Motherland is a 90-minute documentary feature film about Azerbaijan’s, Turkey’s unprovoked genocidal attack and ethnic cleansing against Armenians of Artsakh, also known as Nagorno-Karabakh, starting on September 27, 2020. Azerbaijan with the declared assistance from Turkey reawakened the conflict from dormancy by launching a large-scale offensive against Artsakh. In its war effort, Azerbaijan relied on thousands of Turkish-paid jihadist mercenaries airlifted from terrorist camps in Syria, Libya, and Pakistan, and brought to fight alongside the Azerbaijani Army. The 2020 invasion opened a new chapter in the history of regional warfare and involved unmatched suffering of the civilian population. For 44 days, the world largely watched in deafening silence as over 4,000 Armenians were massacred.
It took 106 years before the United States formally recognized the Armenian Genocide of 1915 at the hands of the Ottoman Turks. On April 24,2021, President Joe Biden became the first US president to officially recognize the Armenian genocide and to recommit preventing such an atrocity from occurring again. Tragically, history is repeating itself with Turkey's ongoing genocidal attack and ethnic cleansing against Armenians as we've witnessed recently in Artsakh. "Motherland" tells the story of this ongoing tragic chapter through the lens of Armenian-American journalist and LGBTQ+ activist, Vic Gerami.
With illegal and banned weapons, including cluster bombs and white phosphorus munitions, the aggressors destroyed towns and villages, indiscriminately killed people mainly between the ages of 18-21, and occupied approximately 80% of Artsakh.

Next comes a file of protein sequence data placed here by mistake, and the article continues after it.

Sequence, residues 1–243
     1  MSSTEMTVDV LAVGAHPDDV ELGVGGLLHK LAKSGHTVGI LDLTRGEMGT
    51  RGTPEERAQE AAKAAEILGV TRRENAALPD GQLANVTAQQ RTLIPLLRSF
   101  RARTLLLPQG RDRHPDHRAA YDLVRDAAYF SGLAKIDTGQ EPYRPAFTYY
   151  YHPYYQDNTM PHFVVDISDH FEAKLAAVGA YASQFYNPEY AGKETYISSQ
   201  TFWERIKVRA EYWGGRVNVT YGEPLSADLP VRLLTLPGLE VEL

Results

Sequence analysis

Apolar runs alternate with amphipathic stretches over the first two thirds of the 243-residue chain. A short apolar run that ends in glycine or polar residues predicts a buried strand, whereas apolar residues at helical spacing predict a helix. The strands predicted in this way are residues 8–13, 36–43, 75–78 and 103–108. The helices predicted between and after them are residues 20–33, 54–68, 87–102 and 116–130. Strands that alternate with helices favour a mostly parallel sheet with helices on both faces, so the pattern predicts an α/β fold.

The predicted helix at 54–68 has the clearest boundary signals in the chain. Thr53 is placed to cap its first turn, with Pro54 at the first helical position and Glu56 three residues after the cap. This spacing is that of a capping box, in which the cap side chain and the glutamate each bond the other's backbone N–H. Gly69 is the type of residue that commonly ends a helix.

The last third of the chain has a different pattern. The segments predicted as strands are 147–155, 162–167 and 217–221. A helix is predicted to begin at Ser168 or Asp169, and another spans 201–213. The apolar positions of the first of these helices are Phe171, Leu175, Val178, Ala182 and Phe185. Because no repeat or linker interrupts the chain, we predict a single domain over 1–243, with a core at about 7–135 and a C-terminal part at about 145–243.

By November 9, 2020, when a new ceasefire was declared, 100,000 people, 2/3 of Artsakh’s population was driven out of their ancestral land and made refugees. Despite calls from bipartisan Congress members to intervene, most of the world stayed silent. Many nations, mainly in Europe, are heavily invested in Azerbaijan’s oil and gas and the Caspian pipeline that delivers it to Europe.
Through a journalist and activist’s lens, Motherland focuses the world’s attention on the atrocities, war crimes, and crimes against humanity committed by Azerbaijan and Turkey against Artsakh and Armenia. It chronicles the struggle of the Armenian people to come to terms with its fate, mourn the loss of almost 5,000 people, and pick up the pieces and carry on as they have for millennia. It includes interviews with war heroes, displaced refugees, American and Armenian high-profile elected officials, and ordinary people.
The film also accounts for the apathy of the greater world community, the hypocrisy of public figures who preach about human rights but show inaction when reality hits, and how the press is easily manipulated by a rogue nation’s campaign of hate, disinformation, and propaganda.